01/26/2009 05:12 am ET | Updated May 25, 2011

First Anniversary of Bill Kristol at the New York Times : Will He Get Axed Next Week?

Exactly one year ago this weekend, the the Huffington Post's Danny Shea broke the news that, as Jim Morrison might have put it, the Kristol Ship was about to sail at The New York Times. Much uproar ensued across the blogosphere. I recalled Kristol's call for the paper to be prosecuted, on Fox News in 2006, after its big banking records scoop: "I think it is an open question whether the Times itself should be prosecuted for this totally gratuitous revealing of an ongoing secret classified program that is part of the war on terror."

A day after the Huffington Post reported it, the Times announced that it had indeed hired the conservative pundit as a new weekly op-ed columnist, on a one-year contract.

Liberal bloggers really reacted now and Kristol said, in an interview with, it gave him some pleasure to see their "heads explode." Kristol, of course, was perhaps the most influential pundit of all in promoting the U.S. invasion of Iraq and has strongly defended the move ever since.

Times editorial page editor Andy Rosenthal backed the move. Rosenthal told shortly after the official announcement that he failed to understand "this weird fear of opposing views....We have views on our op-ed page that are as hawkish or more so than Bill... The idea that the New York Times is giving voice to a guy who is a serious, respected conservative intellectual -- and somehow that's a bad thing," Rosenthal added. "How intolerant is that?"

The paper, however, noted in its own announcement: "In a 2003 column on the turmoil within the Times that led to the downfall of the top two editors, he wrote that it was not 'a first-rate newspaper of record,' adding, 'the Times is irredeemable.'"

Fun soon followed when, on January 7, eight paragraphs into his new stint as op-ed columnist, Kristol already made an embarrassing error.

His column, which suggested (with his usual prescience) that the Democrats not underestimate Mike Huckabee's chances to win it all, included a paragraph just past the midway point, in which he quoted the "conservative writer Michelle Malkin" as saying, "For the work-hard-to-get-ahead strivers who represent the heart and soul of the G.O.P., there are obvious, powerful points of identification."

There was just one problem : She never said or wrote it, as she was quick to point out herself on her site: "Since I never usually appear on the New York Times op-ed page unless someone's calling me a fascist, I was pleasantly surprised to see the quote. Unfortunately (or fortunately, depending on how you look at it), I didn't write what Kristol attributed to me. A different MM - Michael Medved - was the author."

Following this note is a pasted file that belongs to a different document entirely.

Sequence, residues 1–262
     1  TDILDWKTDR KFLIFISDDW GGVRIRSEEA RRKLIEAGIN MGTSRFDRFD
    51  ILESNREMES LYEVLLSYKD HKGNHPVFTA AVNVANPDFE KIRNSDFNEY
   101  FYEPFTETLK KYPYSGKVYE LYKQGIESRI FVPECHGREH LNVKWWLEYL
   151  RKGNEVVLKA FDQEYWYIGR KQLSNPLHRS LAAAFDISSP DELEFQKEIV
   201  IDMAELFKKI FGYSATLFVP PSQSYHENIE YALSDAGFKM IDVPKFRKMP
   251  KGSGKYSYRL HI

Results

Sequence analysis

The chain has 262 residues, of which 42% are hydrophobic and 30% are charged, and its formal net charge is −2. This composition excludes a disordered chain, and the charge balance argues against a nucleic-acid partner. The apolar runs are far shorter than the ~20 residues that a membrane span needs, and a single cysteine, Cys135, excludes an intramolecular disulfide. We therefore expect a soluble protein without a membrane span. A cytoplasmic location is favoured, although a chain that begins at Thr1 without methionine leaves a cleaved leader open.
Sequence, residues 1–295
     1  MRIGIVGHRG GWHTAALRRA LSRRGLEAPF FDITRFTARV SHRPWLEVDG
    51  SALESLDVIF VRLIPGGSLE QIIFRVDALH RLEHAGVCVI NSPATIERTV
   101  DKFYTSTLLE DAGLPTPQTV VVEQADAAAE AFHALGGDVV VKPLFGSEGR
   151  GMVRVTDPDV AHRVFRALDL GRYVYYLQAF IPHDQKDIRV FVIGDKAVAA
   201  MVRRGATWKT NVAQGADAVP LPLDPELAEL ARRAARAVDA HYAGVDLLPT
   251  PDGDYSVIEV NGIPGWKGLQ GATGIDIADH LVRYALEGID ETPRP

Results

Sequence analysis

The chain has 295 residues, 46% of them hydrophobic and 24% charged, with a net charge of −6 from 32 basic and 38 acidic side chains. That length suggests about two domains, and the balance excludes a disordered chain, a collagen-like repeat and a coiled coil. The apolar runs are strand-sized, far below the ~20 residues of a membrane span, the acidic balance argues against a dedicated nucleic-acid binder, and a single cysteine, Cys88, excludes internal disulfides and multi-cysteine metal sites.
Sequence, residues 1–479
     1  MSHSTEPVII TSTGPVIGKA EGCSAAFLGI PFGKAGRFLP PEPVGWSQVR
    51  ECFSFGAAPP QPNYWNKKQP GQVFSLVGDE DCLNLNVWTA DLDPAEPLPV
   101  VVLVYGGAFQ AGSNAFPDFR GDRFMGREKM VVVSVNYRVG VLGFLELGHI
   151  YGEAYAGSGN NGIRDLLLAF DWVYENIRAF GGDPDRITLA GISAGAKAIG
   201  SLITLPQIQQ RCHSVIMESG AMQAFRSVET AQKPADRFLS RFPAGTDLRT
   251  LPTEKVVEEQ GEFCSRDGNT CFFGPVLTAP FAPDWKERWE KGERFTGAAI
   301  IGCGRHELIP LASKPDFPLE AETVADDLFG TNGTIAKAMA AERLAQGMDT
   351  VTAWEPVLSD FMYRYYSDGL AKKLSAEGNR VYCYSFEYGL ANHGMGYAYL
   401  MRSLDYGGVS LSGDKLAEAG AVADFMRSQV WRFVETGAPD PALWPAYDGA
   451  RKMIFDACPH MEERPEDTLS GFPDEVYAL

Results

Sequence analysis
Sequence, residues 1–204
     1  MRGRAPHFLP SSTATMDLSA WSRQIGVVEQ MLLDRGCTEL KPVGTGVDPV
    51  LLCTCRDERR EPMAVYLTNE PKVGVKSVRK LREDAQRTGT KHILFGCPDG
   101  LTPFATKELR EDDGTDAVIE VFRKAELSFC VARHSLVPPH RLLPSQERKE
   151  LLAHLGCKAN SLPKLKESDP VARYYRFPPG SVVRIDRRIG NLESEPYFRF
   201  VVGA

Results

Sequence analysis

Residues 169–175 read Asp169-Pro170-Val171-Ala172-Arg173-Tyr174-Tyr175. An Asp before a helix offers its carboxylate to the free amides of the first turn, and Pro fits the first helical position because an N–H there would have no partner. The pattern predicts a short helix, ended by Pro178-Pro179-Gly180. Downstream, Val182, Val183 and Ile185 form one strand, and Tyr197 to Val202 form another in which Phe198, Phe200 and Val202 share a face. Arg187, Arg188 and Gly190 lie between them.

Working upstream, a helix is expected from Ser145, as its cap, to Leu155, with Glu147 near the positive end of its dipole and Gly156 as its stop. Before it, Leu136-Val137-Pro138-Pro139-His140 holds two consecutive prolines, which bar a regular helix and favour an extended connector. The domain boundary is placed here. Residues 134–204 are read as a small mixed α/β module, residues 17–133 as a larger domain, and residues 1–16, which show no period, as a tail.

Several long hours passed before Malkin was changed to Medved in the column at, with a note at the bottom of the column disclosing the original error. But as Jon Stewart is fond of saying, "Bill Kristol, aren't you ever right?"

Six days later, in a message that probably did not going down well in the New York Times' front office, the paper's public editor, Clark Hoyt, said the Times needed to hire a conservative of some stripe but called the hiring of Kristol as an op-ed columnist a "mistake."

He also wrote that of nearly 700 messages he has received about the selection, only one praised the pick. Publisher Arthur Sulzberger, Jr., he revealed, "was surprised by the vehemence of the reaction."

Hoyt concluded the column: "This is a decision I would not have made. But it is not the end of the world. Everyone should take a deep breath and calm down.... If Kristol is another [William] Safire, he has the chance to prove it. If not, he and the newspaper will move on, and the search will resume." Kristol proceeded to suggest Clarence Thomas for vice president and then promote Sarah Palin. He even accused Stewart of relying too much on information in the...New York Times.

Now, a year later, the Times indeed has a chance to "move on." What do you think will happen?

Greg Mitchell is editor of Editor & Publisher. His latest book on Iraq and the media is titled "So Wrong for So Long." His book on the 2008 campaign will be published next month.